Her hand clutched the curtain and she bit her lip.  Mary was tired of that question.  She was tired of the house, tired of John, tired of their daughter.  Tired of the snow piled against the windows and doors.  Tired of the cold.

The coppery tang in her mouth brought her away from the brink of rage.  “No,” she sighed, and moved away from the window.  She sat down heavily across the room from him and looked at the floor.

“Mary,” he implored.  “Talk to me.”

About what?

There was nothing to talk about, except how little food they had.  They were out of baby food and had been mashing rice and canned vegetables by hand.  The last three days, all of their meals had been salted rice.  The house smelled of their sweat and John had developed a cough.  Their clothes were all dirty, and the pipes had frozen.  They had been boiling water from outside, only because the gas line still worked, miraculously.


She stared at the floor.

“Darling, talk to me.”

“I can’t.”

“What do you mean?”

“I can’t do this.”

“It can’t last much longer.”

“That’s what you said,” she paused, trying to recall when he had stopped trying to reassure her.  “I can’t remember how long we’ve been here.”

“We can’t give up hope.”

Her eyes brightened slightly.  “There is one thing.”


“We’re running out of food, John.  We won’t last.  She’ll die.  Then when they find us, we’ll also be dead.  And who knows what they will think?  Even if we survive, she won’t.”

“Mary,” John began, fear rising in him.  “We can’t live without her.”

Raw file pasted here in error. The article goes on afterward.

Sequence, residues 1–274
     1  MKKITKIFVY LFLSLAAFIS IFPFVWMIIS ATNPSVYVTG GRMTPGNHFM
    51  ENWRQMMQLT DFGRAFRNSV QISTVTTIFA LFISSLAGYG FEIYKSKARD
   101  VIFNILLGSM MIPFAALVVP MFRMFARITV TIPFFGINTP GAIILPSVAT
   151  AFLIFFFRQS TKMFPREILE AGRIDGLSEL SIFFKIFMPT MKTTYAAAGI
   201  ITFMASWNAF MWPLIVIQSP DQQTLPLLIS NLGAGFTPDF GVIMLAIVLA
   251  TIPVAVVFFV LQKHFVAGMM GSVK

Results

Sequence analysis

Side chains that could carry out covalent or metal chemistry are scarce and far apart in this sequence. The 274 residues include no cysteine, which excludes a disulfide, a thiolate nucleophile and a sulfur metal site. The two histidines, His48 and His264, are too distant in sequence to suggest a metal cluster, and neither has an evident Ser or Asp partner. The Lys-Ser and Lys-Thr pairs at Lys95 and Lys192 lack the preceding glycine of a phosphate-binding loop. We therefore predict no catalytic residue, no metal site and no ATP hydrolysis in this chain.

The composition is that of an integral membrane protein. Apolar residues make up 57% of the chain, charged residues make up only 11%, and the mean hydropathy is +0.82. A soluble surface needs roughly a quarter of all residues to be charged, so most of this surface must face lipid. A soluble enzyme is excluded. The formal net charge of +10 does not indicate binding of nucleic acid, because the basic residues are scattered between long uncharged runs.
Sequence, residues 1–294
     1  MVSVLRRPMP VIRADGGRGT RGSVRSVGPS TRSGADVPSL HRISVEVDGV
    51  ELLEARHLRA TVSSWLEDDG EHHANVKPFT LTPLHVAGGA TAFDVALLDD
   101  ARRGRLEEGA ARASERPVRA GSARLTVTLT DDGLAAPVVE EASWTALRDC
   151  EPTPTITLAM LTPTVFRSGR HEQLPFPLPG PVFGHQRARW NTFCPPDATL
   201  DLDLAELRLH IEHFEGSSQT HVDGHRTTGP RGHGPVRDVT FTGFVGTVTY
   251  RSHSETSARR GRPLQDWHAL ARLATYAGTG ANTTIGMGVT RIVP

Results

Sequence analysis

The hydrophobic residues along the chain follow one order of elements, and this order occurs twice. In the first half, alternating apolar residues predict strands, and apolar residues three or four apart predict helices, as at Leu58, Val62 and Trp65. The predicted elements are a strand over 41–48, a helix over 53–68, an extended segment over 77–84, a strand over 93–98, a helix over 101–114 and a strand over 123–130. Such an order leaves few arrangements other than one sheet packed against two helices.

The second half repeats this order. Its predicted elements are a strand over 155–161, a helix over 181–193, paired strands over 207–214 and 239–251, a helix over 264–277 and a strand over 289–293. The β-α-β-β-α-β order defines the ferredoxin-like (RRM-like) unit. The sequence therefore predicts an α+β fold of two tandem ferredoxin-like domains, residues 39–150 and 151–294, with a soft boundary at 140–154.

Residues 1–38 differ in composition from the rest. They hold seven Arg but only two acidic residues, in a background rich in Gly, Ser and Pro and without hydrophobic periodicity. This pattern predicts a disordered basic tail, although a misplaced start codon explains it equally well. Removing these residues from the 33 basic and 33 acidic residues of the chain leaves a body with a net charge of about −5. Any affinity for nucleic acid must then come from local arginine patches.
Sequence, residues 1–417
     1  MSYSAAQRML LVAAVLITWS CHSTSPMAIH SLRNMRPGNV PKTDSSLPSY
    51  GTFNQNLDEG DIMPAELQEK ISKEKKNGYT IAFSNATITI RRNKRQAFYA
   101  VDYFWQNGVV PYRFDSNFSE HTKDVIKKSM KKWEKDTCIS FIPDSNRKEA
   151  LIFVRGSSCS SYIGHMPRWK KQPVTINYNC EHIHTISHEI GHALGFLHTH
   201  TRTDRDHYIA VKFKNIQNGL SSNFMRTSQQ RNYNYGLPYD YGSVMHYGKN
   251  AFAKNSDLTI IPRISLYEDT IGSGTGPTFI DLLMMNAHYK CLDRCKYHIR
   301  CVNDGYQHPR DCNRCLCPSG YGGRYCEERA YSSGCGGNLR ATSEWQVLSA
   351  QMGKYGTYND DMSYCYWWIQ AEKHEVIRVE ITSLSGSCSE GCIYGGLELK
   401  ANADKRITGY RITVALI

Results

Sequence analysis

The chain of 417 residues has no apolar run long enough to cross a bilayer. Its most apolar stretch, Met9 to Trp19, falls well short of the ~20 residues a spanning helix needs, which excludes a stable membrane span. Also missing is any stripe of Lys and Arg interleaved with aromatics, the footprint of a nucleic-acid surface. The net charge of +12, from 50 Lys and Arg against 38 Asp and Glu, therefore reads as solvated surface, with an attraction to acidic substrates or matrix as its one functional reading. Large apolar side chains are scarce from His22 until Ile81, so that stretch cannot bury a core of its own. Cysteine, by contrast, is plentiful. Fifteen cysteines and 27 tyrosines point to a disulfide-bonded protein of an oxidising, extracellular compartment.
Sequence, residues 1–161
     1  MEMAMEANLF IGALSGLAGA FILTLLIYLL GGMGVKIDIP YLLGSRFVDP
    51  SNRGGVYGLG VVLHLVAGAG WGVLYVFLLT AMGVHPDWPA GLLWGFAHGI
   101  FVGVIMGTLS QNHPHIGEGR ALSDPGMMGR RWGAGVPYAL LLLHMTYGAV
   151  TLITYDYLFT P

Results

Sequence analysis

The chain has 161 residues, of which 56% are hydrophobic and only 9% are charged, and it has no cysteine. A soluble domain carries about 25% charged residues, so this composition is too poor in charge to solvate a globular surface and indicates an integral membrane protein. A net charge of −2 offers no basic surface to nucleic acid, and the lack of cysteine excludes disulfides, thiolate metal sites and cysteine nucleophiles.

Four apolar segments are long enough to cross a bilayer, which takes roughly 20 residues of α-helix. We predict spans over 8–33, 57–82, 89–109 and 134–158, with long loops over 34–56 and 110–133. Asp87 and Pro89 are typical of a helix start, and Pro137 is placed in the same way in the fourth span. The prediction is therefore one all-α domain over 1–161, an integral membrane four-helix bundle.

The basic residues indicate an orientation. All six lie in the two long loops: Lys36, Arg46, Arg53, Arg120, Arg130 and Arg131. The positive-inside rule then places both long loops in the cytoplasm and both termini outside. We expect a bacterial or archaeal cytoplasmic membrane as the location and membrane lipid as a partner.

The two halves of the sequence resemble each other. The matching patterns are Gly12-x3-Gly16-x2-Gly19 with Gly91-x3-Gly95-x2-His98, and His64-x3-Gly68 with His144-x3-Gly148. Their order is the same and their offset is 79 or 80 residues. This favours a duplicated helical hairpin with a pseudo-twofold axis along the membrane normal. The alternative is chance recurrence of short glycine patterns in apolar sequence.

“We feel we can’t live without her.”

It must have been an hallucination, the way her voice seemed to take on a familiar tone, enticing and terrifying at the same time.

“Mary, you can’t be serious.”

“She’ll die anyway, John.  This way-”

“Listen to yourself!  We just have to hold out a little while longer!”

“I can’t, John.  We can’t.  She won’t last more than a couple days.  We can have another baby.  They’ll see how our food is, and they’ll understand!”

“This is insane.  You’re insane!”

“Yes, John.  I’m losing it.  I can’t be here anymore.  I’m dying.  So are you, so is she.  We can make it out.  We can start again.”

“That contract burned to Hell where it belongs.  Even if it didn’t, and even if I wasn’t sure it was just a shared hallucination, I would never sign anything like that.”

“You don’t have to,” she looked right at him as though the answer to a riddle just clicked into her head.  “He just said one of us needed to sign.”

“Well, there’s nothing to sign, so get that out of your head, you crazy-”

He was aware of the smell of sulphur coming from the direction of the dining room before he was aware of his head turning towards it.  Gooseflesh and beads of sweat dotted his skin as he realized that she was up and moving towards the dining room.  He lunged for her and grabbed her around her thick coat, dragging her down to the couch.

Her scream of rage ripped through the silence of the house as she struggled against his hands clutching at her wrists.  He grunted as she fought, the couch scraping against the floor.  From the bedroom, the cries of a woken infant lent a grisly soundtrack to their fight.

He pinned her to the couch, his face close to hers as her arms stretched against his grip.  He moved up and sat on top of her hips.  “Stop it!  You can’t-”

He broke off with a scream of pain.  Her teeth sank into the flesh of his nose as she growled and wriggled like a dog tearing at a steak.  He released her arms and pulled away from her, blinded by tears and blood.  Her hands flurried as she struck him with wild blows of her fists, and he toppled back, his head striking the coffee table.

She turned and ran, then fell forward as John grabbed desperately for her ankle.  Her cheek hit the floor and sent stars into her vision.  The room tilted slightly, and it seemed that the crying was coming from the walls themselves.